> > >
                            > > >
                            > > >
                            > > >
                            > > >
                            > > >
                            > > >
                            > > >
                            > > > --- In errorcoininformationexchange@yahoogroups.com, byersnc
                            > > > <no_reply@y...> wrote:
                            > > > >
                            > > > > Lindy-the 1856 Lg Cent Obv Die Cap is 1/2 inch high with 10
                            > rings
                            > > > > around the inside of the cap showing each of the strikes!!
                            > Plus
                            > > > > everyone you mentioned in your post would obviously say it's
                            a
                            > die
                            > > > > cap.
                            > > > >
                            > > > > Mike Byers
                            > > > > http://mikebyers.com
                            > > > >
                            > > > >
                            > > > >
                            > > > >
                            > > > >
                            > > > >
                            > > > >
                            > > > >
                            > > > >
                            > > > > --- In
                            > errorcoininformationexchange@yahoogroups.com, "mrlindy2000"
                            > > > > <adkinstone@a...> wrote:
                            > > > > >
                            > > > > > Whose "definition" are you using?
                            > > > > >
                            > > > > > In numerous pictures of caps in the 1970's and 1980's
                            error
                            > sales
                            > > > > > publications these single coin multistrikes are most
                            always
                            > > > called
                            > > > > > diecaps.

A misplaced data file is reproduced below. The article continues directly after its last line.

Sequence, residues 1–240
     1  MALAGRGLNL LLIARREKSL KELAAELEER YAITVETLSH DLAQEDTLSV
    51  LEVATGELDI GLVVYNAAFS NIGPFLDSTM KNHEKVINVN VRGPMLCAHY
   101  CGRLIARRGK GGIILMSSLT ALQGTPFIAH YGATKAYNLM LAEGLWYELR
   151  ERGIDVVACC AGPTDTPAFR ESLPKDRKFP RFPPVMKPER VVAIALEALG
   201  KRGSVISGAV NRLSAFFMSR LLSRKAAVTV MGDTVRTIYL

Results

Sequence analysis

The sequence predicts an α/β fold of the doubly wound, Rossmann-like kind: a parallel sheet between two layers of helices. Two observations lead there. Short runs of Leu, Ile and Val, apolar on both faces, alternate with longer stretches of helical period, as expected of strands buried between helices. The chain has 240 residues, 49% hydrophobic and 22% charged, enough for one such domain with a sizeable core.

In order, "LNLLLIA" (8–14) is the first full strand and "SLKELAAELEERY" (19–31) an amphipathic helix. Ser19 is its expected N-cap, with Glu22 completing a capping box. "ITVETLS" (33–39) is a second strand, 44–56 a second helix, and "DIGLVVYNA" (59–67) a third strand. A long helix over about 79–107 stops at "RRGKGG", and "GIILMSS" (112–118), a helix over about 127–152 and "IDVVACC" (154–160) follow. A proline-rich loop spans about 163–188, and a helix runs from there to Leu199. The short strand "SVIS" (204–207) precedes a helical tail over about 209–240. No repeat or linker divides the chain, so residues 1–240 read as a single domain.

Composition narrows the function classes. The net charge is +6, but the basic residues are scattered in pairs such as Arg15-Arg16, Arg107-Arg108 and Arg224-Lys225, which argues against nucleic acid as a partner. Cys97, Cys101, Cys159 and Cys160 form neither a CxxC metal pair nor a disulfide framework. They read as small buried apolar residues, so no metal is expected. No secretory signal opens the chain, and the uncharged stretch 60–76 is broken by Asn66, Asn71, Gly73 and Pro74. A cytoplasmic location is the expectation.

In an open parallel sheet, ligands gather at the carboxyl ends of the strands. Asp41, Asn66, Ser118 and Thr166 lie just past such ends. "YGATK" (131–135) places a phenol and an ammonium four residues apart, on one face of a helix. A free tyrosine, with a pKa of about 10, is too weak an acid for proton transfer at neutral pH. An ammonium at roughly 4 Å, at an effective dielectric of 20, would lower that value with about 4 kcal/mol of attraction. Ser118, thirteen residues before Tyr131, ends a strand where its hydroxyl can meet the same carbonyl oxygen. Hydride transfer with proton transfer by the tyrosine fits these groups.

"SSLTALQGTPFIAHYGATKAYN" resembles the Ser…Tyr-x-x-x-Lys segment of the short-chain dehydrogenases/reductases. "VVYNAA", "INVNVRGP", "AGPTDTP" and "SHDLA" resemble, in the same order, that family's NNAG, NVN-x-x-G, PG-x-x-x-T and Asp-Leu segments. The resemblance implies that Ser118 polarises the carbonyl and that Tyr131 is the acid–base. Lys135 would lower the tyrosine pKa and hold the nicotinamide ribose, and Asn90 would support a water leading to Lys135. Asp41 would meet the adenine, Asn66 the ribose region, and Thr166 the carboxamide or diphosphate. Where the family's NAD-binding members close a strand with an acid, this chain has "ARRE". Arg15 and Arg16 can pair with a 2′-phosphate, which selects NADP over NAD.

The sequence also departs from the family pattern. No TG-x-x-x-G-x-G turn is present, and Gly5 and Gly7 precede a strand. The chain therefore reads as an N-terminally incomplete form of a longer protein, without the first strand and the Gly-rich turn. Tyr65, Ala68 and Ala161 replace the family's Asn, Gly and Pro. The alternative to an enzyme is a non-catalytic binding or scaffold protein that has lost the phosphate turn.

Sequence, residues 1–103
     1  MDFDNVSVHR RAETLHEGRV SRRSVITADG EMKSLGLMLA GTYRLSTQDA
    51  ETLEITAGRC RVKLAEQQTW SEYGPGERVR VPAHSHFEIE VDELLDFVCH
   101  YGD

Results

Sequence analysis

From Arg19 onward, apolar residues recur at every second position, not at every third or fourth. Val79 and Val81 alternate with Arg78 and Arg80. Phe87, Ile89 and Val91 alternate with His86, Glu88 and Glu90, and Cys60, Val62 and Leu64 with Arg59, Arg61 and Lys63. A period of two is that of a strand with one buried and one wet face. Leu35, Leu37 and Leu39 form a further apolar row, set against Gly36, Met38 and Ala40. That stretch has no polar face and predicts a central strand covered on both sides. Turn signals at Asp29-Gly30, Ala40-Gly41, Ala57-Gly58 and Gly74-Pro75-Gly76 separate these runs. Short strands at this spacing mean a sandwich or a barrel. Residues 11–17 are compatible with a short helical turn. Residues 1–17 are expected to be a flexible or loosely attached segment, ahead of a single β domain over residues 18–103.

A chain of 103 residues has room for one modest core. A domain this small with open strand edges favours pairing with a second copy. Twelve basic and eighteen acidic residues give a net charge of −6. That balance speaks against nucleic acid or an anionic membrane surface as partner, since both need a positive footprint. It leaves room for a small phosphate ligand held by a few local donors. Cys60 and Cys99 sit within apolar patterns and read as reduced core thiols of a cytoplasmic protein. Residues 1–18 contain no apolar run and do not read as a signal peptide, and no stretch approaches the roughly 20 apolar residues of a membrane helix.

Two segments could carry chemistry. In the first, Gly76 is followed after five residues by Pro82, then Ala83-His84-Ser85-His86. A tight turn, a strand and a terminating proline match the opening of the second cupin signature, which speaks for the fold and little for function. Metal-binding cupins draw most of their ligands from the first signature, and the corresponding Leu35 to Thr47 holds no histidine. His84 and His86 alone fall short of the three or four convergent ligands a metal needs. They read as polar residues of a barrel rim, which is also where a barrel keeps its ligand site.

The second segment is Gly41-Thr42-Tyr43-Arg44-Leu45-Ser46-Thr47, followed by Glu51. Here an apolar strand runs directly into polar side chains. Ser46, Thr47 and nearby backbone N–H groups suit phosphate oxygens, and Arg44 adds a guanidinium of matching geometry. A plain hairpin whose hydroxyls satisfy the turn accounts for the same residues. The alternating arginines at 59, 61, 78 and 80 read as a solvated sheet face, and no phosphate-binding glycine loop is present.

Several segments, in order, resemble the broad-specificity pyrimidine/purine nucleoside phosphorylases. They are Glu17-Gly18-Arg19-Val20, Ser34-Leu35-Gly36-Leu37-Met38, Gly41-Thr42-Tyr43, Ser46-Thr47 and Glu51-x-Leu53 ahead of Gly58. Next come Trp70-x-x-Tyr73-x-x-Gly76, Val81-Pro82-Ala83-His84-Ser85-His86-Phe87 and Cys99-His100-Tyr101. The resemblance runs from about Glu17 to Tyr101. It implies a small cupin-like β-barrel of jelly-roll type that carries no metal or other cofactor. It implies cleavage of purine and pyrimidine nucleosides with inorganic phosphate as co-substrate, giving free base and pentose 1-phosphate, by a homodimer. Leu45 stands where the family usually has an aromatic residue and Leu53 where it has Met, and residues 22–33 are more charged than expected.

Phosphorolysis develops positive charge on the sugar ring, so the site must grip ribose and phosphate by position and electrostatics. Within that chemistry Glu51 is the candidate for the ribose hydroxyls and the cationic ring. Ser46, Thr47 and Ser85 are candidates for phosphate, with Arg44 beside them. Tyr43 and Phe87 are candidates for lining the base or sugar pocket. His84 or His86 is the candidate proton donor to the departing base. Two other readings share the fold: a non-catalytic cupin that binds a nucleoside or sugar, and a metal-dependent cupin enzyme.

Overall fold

> > > > >
                            > > > > > Devine, Weinberg, Roosmalen, Steiner, Ziempher, Fivaz,
                            > Stanton,
                            > > > > > Schemmer, Halpern, Margolis, ANA, ANACS, NCG, PCGS... have
                            > all
                            > > > > taken
                            > > > > > called these grey~area items "diecaps" in their printed
                            > photos,
                            > > > > sales
                            > > > > > catalogues, websites, slab descriptions...
                            > > > > >
                            > > > > > Indeed, you may be right strictly using this stated
                            > definition.
                            > > > > Single
                            > > > > > coin multistike coins with brockage or uniface 2rd sides
                            may
                            > not
                            > > > be
                            > > > > > diecap by this definition. But,
                            > > > > >
                            > > > > > For me, I disagree on this piece and on the 1856 lg Cent,
                            > and
                            > > > on
                            > > > > 1888
                            > > > > > Morgan, ect whose 4 year old photos were mentioned
                            earlier.
                            > > > > >
                            > > > > > The 1856 Lg Cent die cap is a diecap in my eyes, and also
                            > for
                            > > > all
                            > > > > the
                            > > > > > important encapsulators these days from what I see on
                            ebay.
                            > I
                            > > > think